Representativeness of Findings
How representative are the IDEAL DEI Survey findings?
We are very thankful for the sustained community interest in the 2021 IDEAL DEI Survey and gratified that people are engaged in the findings and want to know more about the survey and survey methods. We have heard a number of questions from the community concerning the response rate to the survey and the representativeness of the survey findings that we address below.
Census vs sample surveys and statistical significance
The survey was designed as a census survey and sent to all faculty, staff, students, and postdocs employed by or enrolled in Stanford University in May of 2021. In other words, the survey was sent to the entire Stanford population (like the federal government does with its decennial census) and not a random sample (as is often done with opinion polling) or subset of the Stanford population (a strategy often employed by large scale survey efforts, but not in this case). The overall response rate to the survey was 36% of the entire Stanford population, not 36% of a random sample. This means that, compared to many surveys, the number of respondents to the IDEAL survey was high, almost 15,000 people, and findings from the survey should be considered to reliably represent the experience of many people at Stanford. It also means that, in contrast to most surveys done at Stanford, the IDEAL survey findings comparing subgroups of respondents are comparisons between relatively large numbers of people, even for populations that are traditionally underrepresented in smaller-scale surveys (e.g. American Indian/Alaska Native - over 200 respondents, or trans identifying - over 100).
Statistical significance tests are often used in presenting the findings of survey research in order to help audiences understand the degree of confidence they should have that the random sample of a population that took a survey is representative of the full population. Put differently, these tests are often used to express the probability that the findings from a survey could be due to random chance and not representative of the real opinions and experiences of a broader population.
In the findings presented we have not shown the results of statistical significance tests when comparing respondent groups (e.g. by race/ethnicity) for two main reasons: 1) inferential statistics are most often considered appropriate for generalizing from a random sample to a larger population, and the IDEAL survey was a census survey of a full population and did not employ a random sample, and 2) because there were so many respondents to the IDEAL survey that most traditional significance tests would show statistically significant differences even for small differences between groups - in other words, nearly all group differences would be statistically significant simply because these tests are highly sensitive to the size of the survey sample.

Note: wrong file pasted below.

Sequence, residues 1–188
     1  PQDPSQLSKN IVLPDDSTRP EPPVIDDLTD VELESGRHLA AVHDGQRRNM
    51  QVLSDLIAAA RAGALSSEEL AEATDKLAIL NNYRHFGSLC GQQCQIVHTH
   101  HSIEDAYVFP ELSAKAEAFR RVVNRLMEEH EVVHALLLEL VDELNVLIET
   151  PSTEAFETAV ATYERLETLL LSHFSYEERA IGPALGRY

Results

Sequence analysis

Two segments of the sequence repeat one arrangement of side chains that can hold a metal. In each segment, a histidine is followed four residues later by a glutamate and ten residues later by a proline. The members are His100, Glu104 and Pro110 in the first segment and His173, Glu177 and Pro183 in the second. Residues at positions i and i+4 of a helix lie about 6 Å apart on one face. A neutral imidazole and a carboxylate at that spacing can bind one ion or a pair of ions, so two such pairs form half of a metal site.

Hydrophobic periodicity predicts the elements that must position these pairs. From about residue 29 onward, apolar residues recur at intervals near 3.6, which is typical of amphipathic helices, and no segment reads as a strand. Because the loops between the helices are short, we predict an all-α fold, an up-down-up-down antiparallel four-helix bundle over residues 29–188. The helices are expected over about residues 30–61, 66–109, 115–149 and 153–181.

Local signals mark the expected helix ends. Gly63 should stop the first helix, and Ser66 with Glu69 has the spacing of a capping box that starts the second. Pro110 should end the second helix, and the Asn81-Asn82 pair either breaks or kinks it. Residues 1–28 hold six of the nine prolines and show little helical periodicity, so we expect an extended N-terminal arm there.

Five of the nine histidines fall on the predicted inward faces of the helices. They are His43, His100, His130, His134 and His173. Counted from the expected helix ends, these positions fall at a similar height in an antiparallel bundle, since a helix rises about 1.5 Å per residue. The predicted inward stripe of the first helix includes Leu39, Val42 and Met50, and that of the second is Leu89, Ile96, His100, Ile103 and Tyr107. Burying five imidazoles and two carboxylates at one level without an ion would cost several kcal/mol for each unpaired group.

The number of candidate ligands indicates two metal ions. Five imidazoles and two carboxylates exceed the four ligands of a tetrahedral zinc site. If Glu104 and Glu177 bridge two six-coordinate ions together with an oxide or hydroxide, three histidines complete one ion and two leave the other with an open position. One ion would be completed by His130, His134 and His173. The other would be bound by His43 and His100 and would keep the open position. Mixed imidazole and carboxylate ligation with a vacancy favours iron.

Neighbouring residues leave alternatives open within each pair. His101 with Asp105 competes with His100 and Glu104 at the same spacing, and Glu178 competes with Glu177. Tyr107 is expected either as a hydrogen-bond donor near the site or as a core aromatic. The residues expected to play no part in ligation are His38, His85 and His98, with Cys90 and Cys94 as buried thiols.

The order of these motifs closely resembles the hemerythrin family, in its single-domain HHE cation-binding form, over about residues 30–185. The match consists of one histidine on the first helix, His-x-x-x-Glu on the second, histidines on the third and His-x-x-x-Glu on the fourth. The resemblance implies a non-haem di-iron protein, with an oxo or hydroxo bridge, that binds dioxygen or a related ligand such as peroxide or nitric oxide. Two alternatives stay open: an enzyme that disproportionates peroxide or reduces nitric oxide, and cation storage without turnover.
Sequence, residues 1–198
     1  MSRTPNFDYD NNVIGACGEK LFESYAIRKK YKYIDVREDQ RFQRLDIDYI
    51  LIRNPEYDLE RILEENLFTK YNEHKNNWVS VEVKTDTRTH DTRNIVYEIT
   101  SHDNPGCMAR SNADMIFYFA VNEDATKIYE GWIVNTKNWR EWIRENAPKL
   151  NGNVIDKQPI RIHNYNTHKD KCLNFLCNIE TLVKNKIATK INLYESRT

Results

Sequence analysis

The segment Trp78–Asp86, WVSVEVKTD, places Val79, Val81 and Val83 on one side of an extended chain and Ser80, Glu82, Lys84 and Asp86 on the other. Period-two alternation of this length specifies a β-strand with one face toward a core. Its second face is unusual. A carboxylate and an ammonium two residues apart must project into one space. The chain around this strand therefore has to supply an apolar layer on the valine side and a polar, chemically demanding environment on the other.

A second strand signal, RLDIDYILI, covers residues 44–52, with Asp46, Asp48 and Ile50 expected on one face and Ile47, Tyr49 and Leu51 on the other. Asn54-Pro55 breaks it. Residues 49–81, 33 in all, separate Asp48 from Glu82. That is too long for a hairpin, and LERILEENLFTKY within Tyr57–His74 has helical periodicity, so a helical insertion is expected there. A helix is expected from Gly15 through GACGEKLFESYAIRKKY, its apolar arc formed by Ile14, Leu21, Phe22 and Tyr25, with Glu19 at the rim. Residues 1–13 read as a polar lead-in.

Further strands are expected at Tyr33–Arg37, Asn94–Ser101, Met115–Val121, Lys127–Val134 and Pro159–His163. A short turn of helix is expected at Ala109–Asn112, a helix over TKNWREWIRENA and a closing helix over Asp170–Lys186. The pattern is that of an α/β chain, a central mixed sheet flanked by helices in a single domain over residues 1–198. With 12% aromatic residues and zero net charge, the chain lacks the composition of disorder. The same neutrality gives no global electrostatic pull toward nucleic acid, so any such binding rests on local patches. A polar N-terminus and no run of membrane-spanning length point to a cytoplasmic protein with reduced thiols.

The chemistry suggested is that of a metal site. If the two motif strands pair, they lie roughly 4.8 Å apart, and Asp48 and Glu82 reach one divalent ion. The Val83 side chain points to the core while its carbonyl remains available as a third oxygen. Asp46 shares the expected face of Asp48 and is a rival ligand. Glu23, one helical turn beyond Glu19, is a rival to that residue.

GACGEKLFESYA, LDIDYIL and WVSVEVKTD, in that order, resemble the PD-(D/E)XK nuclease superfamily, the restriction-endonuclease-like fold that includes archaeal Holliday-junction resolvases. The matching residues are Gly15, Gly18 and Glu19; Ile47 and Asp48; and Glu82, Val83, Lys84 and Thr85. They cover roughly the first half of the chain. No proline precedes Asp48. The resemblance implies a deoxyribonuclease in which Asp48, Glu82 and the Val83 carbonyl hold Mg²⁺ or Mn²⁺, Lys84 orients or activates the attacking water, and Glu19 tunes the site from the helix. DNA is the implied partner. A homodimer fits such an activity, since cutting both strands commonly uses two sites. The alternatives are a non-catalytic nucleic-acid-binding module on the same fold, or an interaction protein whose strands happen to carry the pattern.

The principles of statistical inference suggest that the larger the sample of a population, the lower the probability that you could find a different group of respondents with systematically different enough opinions and experiences that it would lead you to drastically different conclusions from the data collected. Ultimately, given the large sample size of the IDEAL survey, it is likely that the survey findings are highly reliable in the sense that, from a statistical perspective, if we were to have conducted the survey again during the same timeframe and context, there is high likelihood that it would have produced very similar findings.
However, it is important to note that a high likelihood of reliability, or consistency of findings, does not necessarily imply a high likelihood of validity, or the generalizability of the findings from the 36% of the population that took the survey to the rest of the Stanford community who did not. For example, there may have been sources of response bias that could make it likely that those who did not take the survey were systematically different from those who did take the survey (e.g. the people who responded to the survey could have had a greater interest in diversity, equity and inclusion issues than the people that did not participate, or the people who did not participate opted out because they were more likely to be worried about retaliation for their survey responses by colleagues or university officials than those that participated). In other words, although large numbers of respondents suggest a high likelihood of reliability, if 100% of the university population had taken the survey there is the possibility that some results would differ.
There were several sources of known response bias when comparing the population who took the IDEAL survey to the population who were invited but did not participate. While response rates were very similar across most race/ethnicities (see chart below), response rates did differ by role at the university (e.g. staff vs students) as well as by biological sex.
IDEAL DEI Survey Response Rates by Federal Race/Ethnicity Category